Another test will be their handling of collateralised loan obligations (CLOs), packages of loans to junk-rated firms. The CLO market has more than doubled since 2010 to $600bn. Analysts at UBS, a bank, foresee default rates of up to 22%, with as much as half of the loan pools slipping to triple-C, the lowest tier. The big risk for rating agencies is the top, triple-A, band. Were that to suffer losses—as happened to mortgage securities known as CDOs in 2008—their reputation would take a hammering.
A third challenge will be to get sovereign ratings right as public finances come under heavy strain. What, for instance, to make of America’s Treasury borrowing a record $3trn this quarter? And what would justify cutting Italy’s rating to junk? (Moody’s and Fitch have it one notch above; S&P, two.) That would send the country’s bonds out of key indices, forcing many investors to sell them. A decade ago the rating agencies were accused of accelerating the euro-zone sovereign-debt crisis by downgrading some of the bloc’s big economies, including France.
How the agencies handle these tests will determine whether the crisis brings more calls for root-and-branch reform of the ratings market. The financial crisis produced just such a clamour, but regulators merely tinkered. The issuer-pays model has proved resilient, despite the potential for conflicts of interest, because the alternatives are flawed, too. Were investors to pay for ratings, for instance, access to them would be restricted to those who could afford to subscribe instead of being available to all, as they are now.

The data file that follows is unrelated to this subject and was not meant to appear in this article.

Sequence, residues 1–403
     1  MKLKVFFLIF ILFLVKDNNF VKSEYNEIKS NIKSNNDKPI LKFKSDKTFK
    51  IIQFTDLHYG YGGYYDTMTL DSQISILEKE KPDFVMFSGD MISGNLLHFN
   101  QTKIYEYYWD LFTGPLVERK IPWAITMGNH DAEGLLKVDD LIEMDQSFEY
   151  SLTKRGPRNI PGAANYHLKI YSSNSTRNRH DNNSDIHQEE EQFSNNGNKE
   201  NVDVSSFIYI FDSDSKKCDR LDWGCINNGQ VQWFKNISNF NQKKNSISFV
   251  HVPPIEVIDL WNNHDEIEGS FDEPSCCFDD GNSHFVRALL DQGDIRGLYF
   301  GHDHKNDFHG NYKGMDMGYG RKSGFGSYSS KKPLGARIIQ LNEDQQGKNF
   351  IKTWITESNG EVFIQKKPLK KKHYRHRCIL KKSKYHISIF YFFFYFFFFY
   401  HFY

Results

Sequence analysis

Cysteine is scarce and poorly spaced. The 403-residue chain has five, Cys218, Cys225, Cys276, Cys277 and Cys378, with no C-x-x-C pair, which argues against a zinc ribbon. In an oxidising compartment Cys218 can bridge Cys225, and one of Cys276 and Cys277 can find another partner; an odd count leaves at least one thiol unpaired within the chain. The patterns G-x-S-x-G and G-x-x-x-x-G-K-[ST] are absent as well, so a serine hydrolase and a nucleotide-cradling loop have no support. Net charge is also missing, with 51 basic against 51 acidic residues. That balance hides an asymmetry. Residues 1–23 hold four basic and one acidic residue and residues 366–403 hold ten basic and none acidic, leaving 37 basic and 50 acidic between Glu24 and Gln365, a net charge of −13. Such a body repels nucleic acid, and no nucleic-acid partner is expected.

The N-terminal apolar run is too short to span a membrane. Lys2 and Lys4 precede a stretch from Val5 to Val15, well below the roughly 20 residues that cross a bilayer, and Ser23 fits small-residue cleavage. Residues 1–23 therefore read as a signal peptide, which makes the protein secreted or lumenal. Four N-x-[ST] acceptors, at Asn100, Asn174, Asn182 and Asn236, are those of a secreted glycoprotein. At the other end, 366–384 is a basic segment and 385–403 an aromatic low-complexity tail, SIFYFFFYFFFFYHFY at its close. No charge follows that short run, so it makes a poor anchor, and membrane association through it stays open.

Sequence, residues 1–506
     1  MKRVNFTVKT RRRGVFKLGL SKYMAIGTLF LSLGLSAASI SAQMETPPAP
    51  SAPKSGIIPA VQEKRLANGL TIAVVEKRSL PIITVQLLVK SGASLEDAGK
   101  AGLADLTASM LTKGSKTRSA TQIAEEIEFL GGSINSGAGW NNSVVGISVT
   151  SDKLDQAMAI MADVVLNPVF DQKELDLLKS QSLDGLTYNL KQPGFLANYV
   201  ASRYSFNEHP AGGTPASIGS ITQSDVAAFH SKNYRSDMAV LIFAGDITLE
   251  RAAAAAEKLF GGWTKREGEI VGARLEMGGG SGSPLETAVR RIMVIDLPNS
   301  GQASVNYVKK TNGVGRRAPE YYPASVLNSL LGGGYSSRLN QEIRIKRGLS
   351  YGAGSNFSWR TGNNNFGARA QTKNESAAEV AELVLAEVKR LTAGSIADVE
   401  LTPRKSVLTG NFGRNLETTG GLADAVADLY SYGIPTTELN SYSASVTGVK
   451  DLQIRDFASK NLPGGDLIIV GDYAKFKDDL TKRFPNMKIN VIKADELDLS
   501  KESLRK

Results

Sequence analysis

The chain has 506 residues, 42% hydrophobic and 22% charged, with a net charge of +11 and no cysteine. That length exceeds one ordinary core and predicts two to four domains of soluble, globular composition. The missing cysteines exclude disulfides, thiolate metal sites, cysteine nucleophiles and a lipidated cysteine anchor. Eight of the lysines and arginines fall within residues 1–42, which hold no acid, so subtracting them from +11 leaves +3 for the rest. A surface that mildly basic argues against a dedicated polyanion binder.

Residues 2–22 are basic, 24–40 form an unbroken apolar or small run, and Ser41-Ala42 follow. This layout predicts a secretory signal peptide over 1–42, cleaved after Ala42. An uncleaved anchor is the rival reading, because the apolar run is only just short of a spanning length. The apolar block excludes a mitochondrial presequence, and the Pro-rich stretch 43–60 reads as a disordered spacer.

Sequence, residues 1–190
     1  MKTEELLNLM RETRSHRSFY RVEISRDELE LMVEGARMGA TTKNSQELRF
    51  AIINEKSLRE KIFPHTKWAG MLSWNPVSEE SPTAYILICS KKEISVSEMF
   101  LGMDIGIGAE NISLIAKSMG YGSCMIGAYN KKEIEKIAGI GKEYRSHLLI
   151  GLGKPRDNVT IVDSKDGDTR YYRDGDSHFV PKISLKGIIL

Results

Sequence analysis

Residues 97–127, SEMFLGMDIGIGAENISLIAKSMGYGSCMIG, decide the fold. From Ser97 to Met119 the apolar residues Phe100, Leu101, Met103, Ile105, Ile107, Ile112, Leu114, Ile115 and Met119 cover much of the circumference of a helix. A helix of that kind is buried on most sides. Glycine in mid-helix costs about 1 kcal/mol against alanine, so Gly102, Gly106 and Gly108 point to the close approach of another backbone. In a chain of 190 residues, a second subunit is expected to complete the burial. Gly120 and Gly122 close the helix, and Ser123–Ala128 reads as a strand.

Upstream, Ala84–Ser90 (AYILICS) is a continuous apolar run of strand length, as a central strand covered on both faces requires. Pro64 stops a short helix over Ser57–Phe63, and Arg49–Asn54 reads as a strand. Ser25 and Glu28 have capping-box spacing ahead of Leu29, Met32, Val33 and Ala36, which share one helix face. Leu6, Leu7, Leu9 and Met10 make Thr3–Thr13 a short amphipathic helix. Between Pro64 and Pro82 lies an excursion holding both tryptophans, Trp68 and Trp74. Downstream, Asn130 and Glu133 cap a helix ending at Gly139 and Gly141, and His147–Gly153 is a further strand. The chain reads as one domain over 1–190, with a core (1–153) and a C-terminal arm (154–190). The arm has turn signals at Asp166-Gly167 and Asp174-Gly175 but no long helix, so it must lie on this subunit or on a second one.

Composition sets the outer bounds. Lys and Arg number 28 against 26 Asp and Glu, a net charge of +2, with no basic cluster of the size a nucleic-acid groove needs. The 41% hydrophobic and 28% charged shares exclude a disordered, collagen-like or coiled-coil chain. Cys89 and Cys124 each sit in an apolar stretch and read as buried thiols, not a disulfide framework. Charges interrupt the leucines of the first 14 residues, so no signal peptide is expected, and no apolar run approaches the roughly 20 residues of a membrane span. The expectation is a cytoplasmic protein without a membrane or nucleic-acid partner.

A more fertile area for reform concerns over-reliance on ratings. They are hard-wired into all manner of regulations and investment mandates, often in a mechanistic way that discourages investors from doing their own homework. They help determine everything from banks’ capital requirements to what mutual funds are allowed to buy. Here too, though, change has proved elusive. A study in 2018 found that references to ratings in American bond funds’ investment mandates had actually increased since 2010.
As for competition, several upstarts are hustling for business. Kroll Bond Rating Agency, founded in 2010, chalked up $140m in revenue last year. But Moody’s, S&P and the smaller Fitch still have a combined global market share of almost 95%.
The reluctance of many bond issuers to stray from the big rating firms has helped put “moats” around them and allowed them to raise prices by 3-4% a year, says Craig Huber of Huber Research Partners. Moody’s and S&P have operating margins of an eye-watering 50%. Both stocks have been a shrewd long-term investment, propelled by both the ratings boom and a broader push into data analytics (see chart 3); their combined market capitalisation is $117bn. One happy long-term shareholder is Warren Buffett, whose Berkshire Hathaway owns 13% of Moody’s.
Even the coronavirus may fail to knock them far off course. Moody’s and S&P both posted record first-quarter revenue—$1.3bn and $1.8bn respectively—in part thanks to a fresh burst of bond issuance as companies dashed for cash. Their latest guidance, issued in late April, foresees earnings for 2020 around, or possibly exceeding, last year’s record haul. A triple-A from shareholders seems likely, then, if not from almost everyone else.■
This article appeared in the Finance & economics section of the print edition under the headline “Markers marked”